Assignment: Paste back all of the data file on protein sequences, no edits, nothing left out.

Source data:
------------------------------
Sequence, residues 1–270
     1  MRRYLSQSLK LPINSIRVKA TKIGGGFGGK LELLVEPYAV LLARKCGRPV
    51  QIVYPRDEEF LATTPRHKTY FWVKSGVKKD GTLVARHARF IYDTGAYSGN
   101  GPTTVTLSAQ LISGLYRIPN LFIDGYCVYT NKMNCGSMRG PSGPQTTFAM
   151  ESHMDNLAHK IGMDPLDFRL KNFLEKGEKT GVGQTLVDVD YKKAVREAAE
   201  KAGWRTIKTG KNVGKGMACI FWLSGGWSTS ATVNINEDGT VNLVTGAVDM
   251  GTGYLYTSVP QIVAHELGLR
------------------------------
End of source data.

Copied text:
Sequence, residues 1–270
     1  MRRYLSQSLK LPINSIRVKA TKIGGGFGGK LELLVEPYAV LLARKCGRPV
    51  QIVYPRDEEF LATTPRHKTY FWVKSGVKKD GTLVARHARF IYDTGAYSGN
   101  GPTTVTLSAQ LISGLYRIPN LFIDGYCVYT NKMNCGSMRG PSGPQTTFAM
   151  ESHMDNLAHK IGMDPLDFRL KNFLEKGEKT GVGQTLVDVD YKKAVREAAE
   201  KAGWRTIKTG KNVGKGMACI FWLSGGWSTS ATVNINEDGT VNLVTGAVDM
   251  GTGYLYTSVP QIVAHELGLR